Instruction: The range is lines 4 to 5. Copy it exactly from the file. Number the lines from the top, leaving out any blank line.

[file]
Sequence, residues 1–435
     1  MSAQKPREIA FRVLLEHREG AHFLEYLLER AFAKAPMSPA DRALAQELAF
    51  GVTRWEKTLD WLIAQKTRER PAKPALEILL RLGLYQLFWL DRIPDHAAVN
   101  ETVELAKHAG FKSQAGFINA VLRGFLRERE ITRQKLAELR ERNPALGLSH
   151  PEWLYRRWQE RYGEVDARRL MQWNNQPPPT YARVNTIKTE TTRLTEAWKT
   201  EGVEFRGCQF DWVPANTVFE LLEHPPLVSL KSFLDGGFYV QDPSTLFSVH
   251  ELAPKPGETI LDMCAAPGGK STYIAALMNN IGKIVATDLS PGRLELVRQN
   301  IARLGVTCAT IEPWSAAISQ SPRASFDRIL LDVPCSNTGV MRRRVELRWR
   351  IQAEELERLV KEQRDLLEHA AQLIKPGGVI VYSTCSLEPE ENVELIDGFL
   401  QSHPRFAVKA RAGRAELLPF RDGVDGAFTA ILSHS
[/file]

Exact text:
   101  ETVELAKHAG FKSQAGFINA VLRGFLRERE ITRQKLAELR ERNPALGLSH
   151  PEWLYRRWQE RYGEVDARRL MQWNNQPPPT YARVNTIKTE TTRLTEAWKT